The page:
Metal Cluster Structures and Reactivities: Computational Elucidation of Anion Photoelectron Spectra
Research in this group focuses on the chemical bonding between transition metal atoms in ligand-free diatomics and clusters, and their reactivities with small gas phase molecules. Experiments in the laboratory employ anion photoelectron spectroscopy, flow tube ion-molecule chemistry, and mass spectrometry to study these anions and the corresponding neutral species. To help assign the photoelectron spectra, they compare the experimental results with those calculated using density functional methods, which are used to predict the equilibrium geometries, vibrational frequencies, electronic state energies, and spin multiplicities of the anionic and neutral systems. By simulating the Franck-Condon photodetachment spectra based upon the DFT results and comparing those predictions for possible electronic states and (for polyatomics) different isomers directly to the experimental spectra, the researchers are often able to deduce convincing assignments for the observed species, even if they have never been studied before either spectroscopically or computationally. The group's spectroscopic studies can also provide useful benchmarks to aid in the further development, by other researchers, of improved theoretical methods with which to treat these small but computationally challenging transition metal clusters and partially-ligated organometallics.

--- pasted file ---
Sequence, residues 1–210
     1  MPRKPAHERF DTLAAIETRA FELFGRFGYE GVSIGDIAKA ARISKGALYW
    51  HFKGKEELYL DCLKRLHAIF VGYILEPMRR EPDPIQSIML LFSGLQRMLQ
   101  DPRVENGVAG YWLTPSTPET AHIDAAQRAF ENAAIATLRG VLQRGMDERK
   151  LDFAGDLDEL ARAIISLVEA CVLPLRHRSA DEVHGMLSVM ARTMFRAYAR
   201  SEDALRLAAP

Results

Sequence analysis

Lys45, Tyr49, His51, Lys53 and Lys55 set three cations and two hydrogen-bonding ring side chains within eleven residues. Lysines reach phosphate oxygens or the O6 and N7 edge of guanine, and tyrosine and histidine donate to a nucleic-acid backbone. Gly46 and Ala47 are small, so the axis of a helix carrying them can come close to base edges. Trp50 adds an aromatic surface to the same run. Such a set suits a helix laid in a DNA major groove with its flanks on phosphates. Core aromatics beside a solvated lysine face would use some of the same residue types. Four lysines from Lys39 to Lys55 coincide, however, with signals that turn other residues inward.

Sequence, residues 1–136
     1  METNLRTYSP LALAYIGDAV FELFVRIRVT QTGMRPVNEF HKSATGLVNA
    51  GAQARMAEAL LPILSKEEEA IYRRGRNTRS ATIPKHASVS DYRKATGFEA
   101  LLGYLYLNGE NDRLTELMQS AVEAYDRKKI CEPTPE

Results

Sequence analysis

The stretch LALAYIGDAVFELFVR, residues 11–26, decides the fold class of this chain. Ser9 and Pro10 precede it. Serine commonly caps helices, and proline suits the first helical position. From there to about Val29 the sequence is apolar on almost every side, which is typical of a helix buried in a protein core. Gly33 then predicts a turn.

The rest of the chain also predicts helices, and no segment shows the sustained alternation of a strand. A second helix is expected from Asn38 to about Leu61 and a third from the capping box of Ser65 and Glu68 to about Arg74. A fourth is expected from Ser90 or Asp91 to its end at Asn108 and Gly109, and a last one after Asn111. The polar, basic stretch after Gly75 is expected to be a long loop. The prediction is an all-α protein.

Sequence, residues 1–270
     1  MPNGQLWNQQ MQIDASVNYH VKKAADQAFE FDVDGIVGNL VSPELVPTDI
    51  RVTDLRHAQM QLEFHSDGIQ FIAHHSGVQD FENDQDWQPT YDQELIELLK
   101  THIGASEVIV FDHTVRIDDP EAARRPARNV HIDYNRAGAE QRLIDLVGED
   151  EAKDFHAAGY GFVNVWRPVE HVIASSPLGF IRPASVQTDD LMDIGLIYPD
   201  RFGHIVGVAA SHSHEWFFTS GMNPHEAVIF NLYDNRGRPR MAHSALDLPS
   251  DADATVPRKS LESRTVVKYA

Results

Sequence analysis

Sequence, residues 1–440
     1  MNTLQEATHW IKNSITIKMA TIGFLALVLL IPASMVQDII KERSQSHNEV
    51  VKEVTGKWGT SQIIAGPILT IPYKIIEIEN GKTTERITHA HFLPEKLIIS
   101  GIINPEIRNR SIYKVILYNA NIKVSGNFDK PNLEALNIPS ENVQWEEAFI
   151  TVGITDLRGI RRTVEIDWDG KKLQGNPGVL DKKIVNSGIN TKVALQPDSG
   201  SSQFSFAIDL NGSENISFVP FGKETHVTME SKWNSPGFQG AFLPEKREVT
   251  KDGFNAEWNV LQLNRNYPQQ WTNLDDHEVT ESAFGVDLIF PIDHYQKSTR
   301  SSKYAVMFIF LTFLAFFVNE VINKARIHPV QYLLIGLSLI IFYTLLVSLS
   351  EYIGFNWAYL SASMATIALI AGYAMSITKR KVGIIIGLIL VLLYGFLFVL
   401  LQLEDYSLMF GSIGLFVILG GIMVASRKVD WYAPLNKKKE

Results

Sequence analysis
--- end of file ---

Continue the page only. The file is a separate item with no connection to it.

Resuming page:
Current work includes studies of bare diatomics incorporating transition metals from Groups 5 and/or 6, which can exhibit very high-order multiple bonding. For example, the researchers are investigating the Group 6, third transition series homonuclear diatomic W2 (tungsten dimer), which has a formal bond order of 6, as well as the anions of bimetallic dimers incorporating metals from both Groups 5 and 6, such as NbCr-, NbMo- and NbW-, which can also exhibit sextuple bonds. They are also studying (or plan to study next year) organometallic complexes produced upon reaction of transition metal atoms with simple hydrocarbons (such as methane, ethylene or butadiene) or with CO2. These results can contribute to the understanding of the relationships between the chemical reactivities of various transition metals and the configurations and spin multiplicities of their ground and low-lying electronic states. In a broader context, these results can contribute to the development of an improved understanding of catalytic processes mediated by transition metal systems.
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